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Violin Top and Back significant color difference


Nestor Vassiliou
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Good morning/afternoon/evening 

There is a pretty obvious color difference between the back of my violin and the sides/top. This is the first violin that I am making so at the time that I had ordered a set of tonewood from Alpine Tone Wood, to make my violin I didn't really pay much attention to the color difference between the back and the top.

As you can clearly tell from the pictures the back is quite brown compared to the sides and the top.

So I wanted to ask you, if is there any way to reduce the color difference so that when the violin is finished, this difference will be either eliminated or very mild?

Staining the top and sides or putting less brown color when varnishing the back, are the first things that come to my mind but I would like a more informed opinion on this matter.

By the way any comments on my violin that could help me for the next one will also be very much appreciated :)

Here are the pictures where you can also see the color difference:

 

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IMG_1292-min.JPG

IMG_1295-min.JPG

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You can apply a treatment to the ribs and top, such as tea/coffee, sodium nitrite or potassium permanganate (although many will violently disagree with using chemicals).  The key is to apply treatments to scraps and make sure the color behaves the way you expect.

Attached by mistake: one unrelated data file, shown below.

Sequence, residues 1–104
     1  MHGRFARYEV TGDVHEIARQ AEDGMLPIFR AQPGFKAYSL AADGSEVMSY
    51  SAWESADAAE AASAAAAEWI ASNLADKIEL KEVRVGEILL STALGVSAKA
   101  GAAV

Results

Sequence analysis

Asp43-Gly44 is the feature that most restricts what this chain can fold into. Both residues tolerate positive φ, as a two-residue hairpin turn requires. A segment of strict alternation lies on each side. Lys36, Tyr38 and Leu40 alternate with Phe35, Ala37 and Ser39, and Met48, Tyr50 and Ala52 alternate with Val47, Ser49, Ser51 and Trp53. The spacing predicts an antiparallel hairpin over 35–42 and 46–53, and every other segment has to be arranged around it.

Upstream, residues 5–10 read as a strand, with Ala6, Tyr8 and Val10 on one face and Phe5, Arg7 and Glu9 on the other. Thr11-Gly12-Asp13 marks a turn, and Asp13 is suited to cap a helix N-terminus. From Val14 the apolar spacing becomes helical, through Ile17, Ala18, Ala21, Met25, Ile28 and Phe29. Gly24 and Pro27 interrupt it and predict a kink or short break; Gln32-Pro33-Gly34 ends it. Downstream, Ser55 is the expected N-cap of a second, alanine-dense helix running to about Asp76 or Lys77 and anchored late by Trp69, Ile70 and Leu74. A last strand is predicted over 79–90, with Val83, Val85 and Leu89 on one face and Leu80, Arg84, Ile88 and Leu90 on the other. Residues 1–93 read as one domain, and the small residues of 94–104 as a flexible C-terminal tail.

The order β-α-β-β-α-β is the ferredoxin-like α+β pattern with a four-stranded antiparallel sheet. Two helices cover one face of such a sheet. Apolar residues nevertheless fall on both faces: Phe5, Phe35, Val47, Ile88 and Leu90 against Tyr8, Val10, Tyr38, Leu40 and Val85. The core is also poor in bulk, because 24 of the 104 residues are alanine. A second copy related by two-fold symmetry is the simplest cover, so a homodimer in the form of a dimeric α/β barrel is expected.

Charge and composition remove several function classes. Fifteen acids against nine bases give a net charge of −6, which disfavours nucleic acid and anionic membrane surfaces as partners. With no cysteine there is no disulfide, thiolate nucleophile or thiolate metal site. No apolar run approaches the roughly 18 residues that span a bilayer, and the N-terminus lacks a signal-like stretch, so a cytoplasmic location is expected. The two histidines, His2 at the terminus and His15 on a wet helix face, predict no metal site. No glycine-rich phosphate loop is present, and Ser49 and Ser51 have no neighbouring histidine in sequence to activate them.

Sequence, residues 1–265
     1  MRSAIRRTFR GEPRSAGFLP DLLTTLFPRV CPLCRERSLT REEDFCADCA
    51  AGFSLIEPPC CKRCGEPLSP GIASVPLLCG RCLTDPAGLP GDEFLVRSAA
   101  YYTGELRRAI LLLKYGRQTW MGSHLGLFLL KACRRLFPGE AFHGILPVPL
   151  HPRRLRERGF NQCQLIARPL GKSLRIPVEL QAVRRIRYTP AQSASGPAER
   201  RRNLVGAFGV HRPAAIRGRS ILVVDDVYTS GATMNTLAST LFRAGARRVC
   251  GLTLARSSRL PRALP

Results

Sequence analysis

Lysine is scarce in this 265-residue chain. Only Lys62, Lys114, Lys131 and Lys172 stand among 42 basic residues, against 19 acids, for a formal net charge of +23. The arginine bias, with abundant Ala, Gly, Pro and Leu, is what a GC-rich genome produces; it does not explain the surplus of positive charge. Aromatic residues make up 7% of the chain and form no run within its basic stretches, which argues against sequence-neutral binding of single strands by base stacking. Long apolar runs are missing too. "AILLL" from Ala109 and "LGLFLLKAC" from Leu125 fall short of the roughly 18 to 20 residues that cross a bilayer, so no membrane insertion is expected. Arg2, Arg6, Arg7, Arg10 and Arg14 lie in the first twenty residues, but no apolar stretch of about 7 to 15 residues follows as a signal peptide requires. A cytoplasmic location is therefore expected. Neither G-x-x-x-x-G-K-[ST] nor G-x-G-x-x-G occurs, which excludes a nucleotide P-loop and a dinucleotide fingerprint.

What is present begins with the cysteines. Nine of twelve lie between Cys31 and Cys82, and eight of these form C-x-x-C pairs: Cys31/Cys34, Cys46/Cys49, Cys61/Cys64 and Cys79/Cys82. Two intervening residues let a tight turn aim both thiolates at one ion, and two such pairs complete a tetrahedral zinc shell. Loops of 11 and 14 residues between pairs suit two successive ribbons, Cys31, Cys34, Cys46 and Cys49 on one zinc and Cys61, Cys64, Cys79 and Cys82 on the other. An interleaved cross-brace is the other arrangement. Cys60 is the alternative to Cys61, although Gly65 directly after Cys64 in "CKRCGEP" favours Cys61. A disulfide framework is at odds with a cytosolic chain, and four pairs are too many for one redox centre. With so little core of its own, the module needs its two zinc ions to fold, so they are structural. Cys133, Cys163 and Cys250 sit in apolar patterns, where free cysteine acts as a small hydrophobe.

You can balance shading by using thinner varnish on the back.  But if the back contains tints that are different than your varnish then you will still have a different color.

The most important thing is to start with well matched wood.

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lots of UV will bring them closer together. And chemicals, yes, if you want to start that education. It can be a rough one.

In the beginning, I was taught to adjust parts matching with later varnish layers, and to not worry about it so much as making another instrument, and another, and another. The knowledge to get what you want color-wise will come organically as you learn everything else

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1 hour ago, Shunyata said:

…and nice job for a first violin.  You will find that your second violin takes twice as long now that you know what you are doing.   :-)

I certainly hope not, this one already took me about a year or so at least :lol:  Thank you for the information, I have to admit tea/coffee staining seems like would help but I am a bit skeptical/worried that the surface might become blotchy. 

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1 hour ago, Christopher Jacoby said:

lots of UV will bring them closer together. And chemicals, yes, if you want to start that education. It can be a rough one.

In the beginning, I was taught to adjust parts matching with later varnish layers, and to not worry about it so much as making another instrument, and another, and another. The knowledge to get what you want color-wise will come organically as you learn everything else

I did consider using some chemicals, but the few ones that I know off (example ammonia fuming), made me understand that though they might provide the visual result you are looking for, could lead to catastrophic results in the long run, affecting negatively both the structure and the sound of the violin.